Broker Check

February 28, 2000

,, Ebay, Yahoo and America Online are some of the  more  well  known  e-businesses on the Internet.   Recently,   several  new     e-businesses became clients of ours. It is likely more will. We publish this to help those potential e-businessers consider potential tax  credits and  incentives before  committing  to locate an e-business in  a  particular  region.  Many  countries  and  states offer a variety of tax credits, tax  holidays and other incentives to encourage a business to locate in their jurisdiction.

Important Cybertax Issues for e-business

          The  Internet  Tax  Freedom  Act  (ITFA),  enacted  in  October  1998, provides  a  three-year  moratorium  on  new  state  taxes  on  Internet  access  charges,  and on “discriminatory”  and  “multiple”  taxes.  However,  the  ITFA  does  not  eliminate existing  cybertaxes--a  grandfather provision  allows states that imposed taxes on Internet  access  before  October,  1998  to  continue  to  collect  those  taxes.   Additionally,  if  an e-business  company  has  a  physical presence  in a state, t he company  will  need to collect the state’s  sales and use taxes from  its  online customers.  Therefore, it  is important  for  e-businesses to  understand  cybertax  issues and  plan  for compliance/financial obligations. Some points to consider:

        •  Understand the administrative burden of cybertax liabilities.      
            Thirty thousand taxing jurisdictions in the United States can require up     
            to 6,500 different tax forms.  Internationally, more than 200  countries  
            impose direct and indirect taxes on transactions conducted via the   
        •  Establish operations in cybertax-friendly states (e.g., California, New
           York)  or in states without a sales tax (e.g., Delaware, Oregon).  The 
           applicability of state and local taxes on business entities, as  well  as sales
           tax collection responsibilities, is based  primarily on  the degree of  
           business  activity or physical presence in the jurisdiction (i.e., nexus).
       •  Consider foreign tax requirements, even if the e-business is not yet 
           operating  in  a foreign  jurisdiction. Internationally, cybertax-friendly
           countries include Bermuda,  Netherlands and Singapore.  An  e-           
           business’s  “permanent  establishment”   (defined  by  each country’s  
           rules  and  tax  treaties)  will determine  which  country’s tax rules apply.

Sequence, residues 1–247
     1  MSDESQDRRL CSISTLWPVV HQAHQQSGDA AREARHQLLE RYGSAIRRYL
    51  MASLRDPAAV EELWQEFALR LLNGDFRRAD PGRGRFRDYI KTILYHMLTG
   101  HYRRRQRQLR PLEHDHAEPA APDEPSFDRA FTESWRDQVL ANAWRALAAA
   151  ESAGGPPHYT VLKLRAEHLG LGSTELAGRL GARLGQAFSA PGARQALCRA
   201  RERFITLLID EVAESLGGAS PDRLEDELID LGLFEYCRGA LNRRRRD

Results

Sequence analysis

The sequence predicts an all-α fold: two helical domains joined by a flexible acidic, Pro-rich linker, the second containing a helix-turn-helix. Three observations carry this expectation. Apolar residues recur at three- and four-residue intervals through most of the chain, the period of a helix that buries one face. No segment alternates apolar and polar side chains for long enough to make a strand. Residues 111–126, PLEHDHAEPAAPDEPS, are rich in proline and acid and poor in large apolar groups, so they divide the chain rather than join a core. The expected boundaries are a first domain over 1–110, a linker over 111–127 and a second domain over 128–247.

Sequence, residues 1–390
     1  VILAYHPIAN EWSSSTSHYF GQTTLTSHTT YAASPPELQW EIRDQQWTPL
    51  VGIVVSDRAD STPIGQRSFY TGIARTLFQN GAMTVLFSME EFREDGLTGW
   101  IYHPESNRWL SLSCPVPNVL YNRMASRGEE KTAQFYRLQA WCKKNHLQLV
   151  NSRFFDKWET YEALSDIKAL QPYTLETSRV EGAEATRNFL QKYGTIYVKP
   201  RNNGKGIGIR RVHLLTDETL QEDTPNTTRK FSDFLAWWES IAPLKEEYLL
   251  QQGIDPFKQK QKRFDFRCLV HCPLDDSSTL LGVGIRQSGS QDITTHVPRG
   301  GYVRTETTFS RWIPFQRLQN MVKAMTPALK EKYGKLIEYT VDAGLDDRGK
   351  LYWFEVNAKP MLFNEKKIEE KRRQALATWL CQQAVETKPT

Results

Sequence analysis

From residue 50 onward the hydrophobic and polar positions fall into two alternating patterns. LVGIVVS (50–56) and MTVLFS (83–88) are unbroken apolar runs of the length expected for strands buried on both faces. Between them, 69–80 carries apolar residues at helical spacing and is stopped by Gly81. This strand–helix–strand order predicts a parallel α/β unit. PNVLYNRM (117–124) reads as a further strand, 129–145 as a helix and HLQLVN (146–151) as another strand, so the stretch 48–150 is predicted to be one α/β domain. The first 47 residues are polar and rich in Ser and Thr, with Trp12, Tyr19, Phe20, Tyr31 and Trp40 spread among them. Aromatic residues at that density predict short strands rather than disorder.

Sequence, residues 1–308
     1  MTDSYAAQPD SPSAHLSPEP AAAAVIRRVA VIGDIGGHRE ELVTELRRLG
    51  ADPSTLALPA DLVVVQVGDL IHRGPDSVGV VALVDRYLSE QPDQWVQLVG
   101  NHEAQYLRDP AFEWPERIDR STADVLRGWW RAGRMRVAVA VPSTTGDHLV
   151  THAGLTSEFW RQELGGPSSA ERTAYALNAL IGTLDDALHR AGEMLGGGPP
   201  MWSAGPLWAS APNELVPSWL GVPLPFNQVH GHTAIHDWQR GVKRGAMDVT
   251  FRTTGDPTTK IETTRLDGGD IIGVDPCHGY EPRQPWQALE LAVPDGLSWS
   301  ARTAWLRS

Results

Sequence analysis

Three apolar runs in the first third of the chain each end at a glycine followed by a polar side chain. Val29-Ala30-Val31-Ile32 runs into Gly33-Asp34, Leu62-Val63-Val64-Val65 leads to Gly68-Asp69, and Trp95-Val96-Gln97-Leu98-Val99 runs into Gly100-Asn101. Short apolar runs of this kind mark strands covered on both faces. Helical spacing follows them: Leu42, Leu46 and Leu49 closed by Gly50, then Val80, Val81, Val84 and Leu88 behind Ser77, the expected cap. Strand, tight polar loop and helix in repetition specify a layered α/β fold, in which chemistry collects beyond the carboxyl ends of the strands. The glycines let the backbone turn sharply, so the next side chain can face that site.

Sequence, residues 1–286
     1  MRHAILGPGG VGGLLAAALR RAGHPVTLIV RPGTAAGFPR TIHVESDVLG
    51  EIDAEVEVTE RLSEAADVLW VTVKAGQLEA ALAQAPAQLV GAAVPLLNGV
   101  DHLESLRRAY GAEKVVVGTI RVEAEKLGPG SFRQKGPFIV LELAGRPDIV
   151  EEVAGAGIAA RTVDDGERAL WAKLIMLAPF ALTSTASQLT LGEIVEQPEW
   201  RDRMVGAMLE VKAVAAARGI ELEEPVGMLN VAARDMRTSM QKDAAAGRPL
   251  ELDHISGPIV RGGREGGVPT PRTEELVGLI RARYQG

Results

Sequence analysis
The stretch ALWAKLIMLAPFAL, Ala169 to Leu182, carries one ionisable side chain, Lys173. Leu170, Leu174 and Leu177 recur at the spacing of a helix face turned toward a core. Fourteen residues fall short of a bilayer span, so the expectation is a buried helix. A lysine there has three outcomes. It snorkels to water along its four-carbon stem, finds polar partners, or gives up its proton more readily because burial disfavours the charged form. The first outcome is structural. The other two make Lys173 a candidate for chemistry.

Also, understand requirements  related to customs, value-added taxes,
           and other duties/taxes, and consider the costs of compliance.    
           Investigate tax treaties and what types of transactions will require tax
           returns to be filed.     
       •  Evaluate potential tax credits and incentives before committing to locate
          an e-business in a particular region. Many countries and states offer a
          variety of tax credits, tax holidays, and other incentives to encourage e-
          businesses to  locate in  their  jurisdiction.   Some of these incentives  are  
          defined  by  statute and are available to  all companies;  however,  many 
          incentives  are negotiable. 
      •  Create   an   audit  trail  and   understand   record  retention  policies. 
          Tax  authorities generally require that records,  including   electronic
          records,  be retained for periods ranging from three to seven years. Many 
          tax authorities  still require paper documents with original signatures.
      •  Consider the tax implications of an e-business strategy before finalizing the  
          plan and beginning the design and implementation phases. Relatively
          minor operational changes or modifications to contractual terms can 
         dramatically impact the business’s tax obligations.     
      •  Build tax information and collection fields  into smart web  sites, but do   
          not activate these fields. E-businesses that prepare now will be ready   
          when and if the company becomes subject to tax requirements due to
          changes in either business operations or tax policy.

           All   e-businesses   should   participate   in  the  cybertax  policy  debate.   The  Organization  for   Economic   Cooperation  and  Development  is  leading efforts  to   create  uniform  international  tax  rules for  e-business.  In  the  state and  local tax arena,  the  ITFA  created a congressionally  appointed  Advisory Commission  to  study cybertax  issues.  After   holding  three  meetings,   the Advisory   Commission   is divided  over  two  policy  options-- (1) making the  Internet  a  tax-free  zone,  or  (2) simplifying   the  current  sales  and  use  tax system,  and  expanding  the obligation  to  collect  sales  tax to all remote sellers.

Welcome Nadine and Chadina!

          In an  effort to deliver  better  service  we have  divided  the  administrative responsibilities of  the five businesses  between two new administrative assistants. Tax, Accounting and  Legal will be handled by Chadina Carriman  and  Investing activities and Insurance will be handled  by  Nadine Boodhoo.  When you call  on your particular matter please ask for the appropriate  assistant  who will first try to assist you, and if they cannot, will then assist me in handling your matter. Thanking you in advance.

          If you have any questions about these or any other tax or financial issues, please call me.